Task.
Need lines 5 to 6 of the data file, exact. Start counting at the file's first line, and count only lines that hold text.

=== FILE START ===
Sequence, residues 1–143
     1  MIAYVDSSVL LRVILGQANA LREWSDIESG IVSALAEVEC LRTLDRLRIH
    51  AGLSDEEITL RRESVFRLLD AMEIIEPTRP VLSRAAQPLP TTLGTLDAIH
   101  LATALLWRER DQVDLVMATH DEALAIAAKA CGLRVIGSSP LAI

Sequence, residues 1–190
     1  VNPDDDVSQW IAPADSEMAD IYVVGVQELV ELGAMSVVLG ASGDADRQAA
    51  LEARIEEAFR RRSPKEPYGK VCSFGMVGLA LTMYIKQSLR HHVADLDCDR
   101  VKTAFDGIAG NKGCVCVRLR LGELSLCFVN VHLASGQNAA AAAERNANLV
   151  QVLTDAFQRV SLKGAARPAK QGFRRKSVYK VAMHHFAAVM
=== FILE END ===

Sequence, residues 1–190
     1  VNPDDDVSQW IAPADSEMAD IYVVGVQELV ELGAMSVVLG ASGDADRQAA